Nearly half of the states have measures in place for visitors, from testing to quarantine requirements.

This list was updated Jan. 27 and is updated weekly as states continue to announce changes to their travel advisories. Are we missing any changes? Email us at travelrestrictions@nytimes.com.

The Centers for Disease Control and Prevention continue to ask people to avoid traveling to minimize the chance they will expose themselves or others to the coronavirus. For those who do travel, the C.D.C. ask that they get a viral test one to three days before their departure, and again three to five days after their return. Even with a negative test, travelers are advised to stay home and avoid nonessential activities for a week upon their return. People who don’t get tested should extend that to 10 days, and both groups should avoid others at high risk for 14 days.

The C.D.C. offer two useful tools online to help vacationers plan their trips. One site links to state and local restrictions by ZIP code. The other includes a color-coded map of the infection rate by state, so people can easily see how prevalent the virus is at their destination.

Travelers should remember to keep their guard up and use safety precautions when away from home: wear a face mask in public, avoid large gatherings and stay at least six feet from others, wash hands frequently and keep hand sanitizer with at least 60 percent alcohol in close reach, avoid touching your face, cover coughs and sneezes, and use drive-through service and curbside pickup at restaurants and stores. When overnighting, plan ahead for safety at a hotel or when staying with family or friends.

Here is a summary of current restrictions in the United States for leisure travelers, although many states do not apply them to those staying for less than 24 hours. Some municipalities or counties may have more stringent regulations. There are generally exemptions for essential workers who are on the job, including health care workers, members of the military and others, but even they may be subject to some restrictions. Visits for medical care or study are considered essential in some states, but not in others.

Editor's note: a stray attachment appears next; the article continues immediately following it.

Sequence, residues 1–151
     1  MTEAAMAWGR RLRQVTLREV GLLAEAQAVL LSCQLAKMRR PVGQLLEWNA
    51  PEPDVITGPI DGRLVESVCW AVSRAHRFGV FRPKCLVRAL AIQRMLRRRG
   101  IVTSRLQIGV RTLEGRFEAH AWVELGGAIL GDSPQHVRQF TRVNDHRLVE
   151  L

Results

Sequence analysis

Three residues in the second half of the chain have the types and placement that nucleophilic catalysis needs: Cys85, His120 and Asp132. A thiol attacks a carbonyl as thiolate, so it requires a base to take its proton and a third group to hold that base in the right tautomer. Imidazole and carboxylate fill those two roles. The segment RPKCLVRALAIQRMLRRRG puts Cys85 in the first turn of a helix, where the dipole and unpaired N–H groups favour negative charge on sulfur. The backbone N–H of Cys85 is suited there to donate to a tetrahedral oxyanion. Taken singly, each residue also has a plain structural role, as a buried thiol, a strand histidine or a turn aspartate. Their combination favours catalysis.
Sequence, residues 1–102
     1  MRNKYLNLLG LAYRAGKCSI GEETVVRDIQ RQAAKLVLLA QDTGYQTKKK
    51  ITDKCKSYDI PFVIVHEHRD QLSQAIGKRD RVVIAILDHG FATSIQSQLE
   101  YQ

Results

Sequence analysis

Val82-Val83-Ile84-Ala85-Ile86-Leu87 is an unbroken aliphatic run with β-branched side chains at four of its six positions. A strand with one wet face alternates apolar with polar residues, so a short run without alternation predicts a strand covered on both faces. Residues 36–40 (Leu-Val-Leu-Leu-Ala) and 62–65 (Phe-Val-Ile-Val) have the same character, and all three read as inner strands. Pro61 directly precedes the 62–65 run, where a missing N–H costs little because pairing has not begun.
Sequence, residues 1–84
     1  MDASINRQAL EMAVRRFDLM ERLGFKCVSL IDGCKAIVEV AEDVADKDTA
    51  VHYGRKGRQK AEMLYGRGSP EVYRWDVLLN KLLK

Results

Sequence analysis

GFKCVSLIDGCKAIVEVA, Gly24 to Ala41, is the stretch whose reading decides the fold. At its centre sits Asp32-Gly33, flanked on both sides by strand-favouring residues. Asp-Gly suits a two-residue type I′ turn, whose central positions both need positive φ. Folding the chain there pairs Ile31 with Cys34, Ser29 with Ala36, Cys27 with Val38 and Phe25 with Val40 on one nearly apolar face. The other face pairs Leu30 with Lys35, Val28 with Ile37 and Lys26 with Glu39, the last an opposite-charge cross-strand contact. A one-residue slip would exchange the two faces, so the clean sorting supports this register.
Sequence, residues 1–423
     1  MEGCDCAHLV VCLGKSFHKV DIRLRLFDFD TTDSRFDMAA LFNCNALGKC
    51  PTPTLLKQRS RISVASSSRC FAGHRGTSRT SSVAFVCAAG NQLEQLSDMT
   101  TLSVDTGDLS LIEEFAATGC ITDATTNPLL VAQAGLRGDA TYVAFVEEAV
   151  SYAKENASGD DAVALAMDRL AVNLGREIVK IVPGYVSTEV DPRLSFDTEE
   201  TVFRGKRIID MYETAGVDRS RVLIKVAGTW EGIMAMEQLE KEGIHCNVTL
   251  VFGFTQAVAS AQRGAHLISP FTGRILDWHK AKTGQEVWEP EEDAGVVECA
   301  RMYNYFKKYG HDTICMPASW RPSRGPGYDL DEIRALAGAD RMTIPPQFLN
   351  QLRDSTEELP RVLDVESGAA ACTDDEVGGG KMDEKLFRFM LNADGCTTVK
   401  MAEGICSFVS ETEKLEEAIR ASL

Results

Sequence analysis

Restrictions for Guam can be found in our companion story on international destinations that have reopened to American citizens.
Alabama

As of Jan. 27, there were no statewide restrictions in Alabama.
Alaska

All nonresidents over the age of 10 must upload proof of a negative molecular-based SARS-CoV-2 test in the previous 72 hours to an online travel portal, where they can also submit a travel declaration and self-isolation plan. Those who were tested before departure and are awaiting their results must quarantine until proof of a negative finding can be uploaded. Visitors arriving without a test can get one for $250, but must self-quarantine while awaiting results, which may take three days or more. The state requests travelers get a second test done five to 14 days after arrival.

Alaska residents may be tested for free, or they can quarantine for two weeks at their own cost.

Those who tested positive for the virus in the previous 90 days, and have documentation they have recovered, are exempt from testing.
Arizona

As of Jan. 27, there were no statewide restrictions in Arizona.
Arkansas

As of Jan. 27, there were no statewide restrictions in Arkansas.
California

People from out of state are discouraged from visiting, and Californians are asked to avoid nonessential travel that would take them more than 120 miles from their own homes. Those arriving in or returning to California from other states or countries are asked to self-quarantine for 10 days.

The state recommends that visitors call ahead to learn if any regional or local restrictions are in place. The cities of San Francisco and Los Angeles have mandatory 10-day quarantines for those coming from outside their regions, and Los Angeles is requiring all travelers over the age of 16 who are entering the city from another state or country to complete a form acknowledging that they have read and understood California’s travel advisory. The online form must be submitted before arrival or when landing at Los Angeles International Airport, Van Nuys Airport or Union Station. Failure to comply is punishable by a fine of up to $500.
Colorado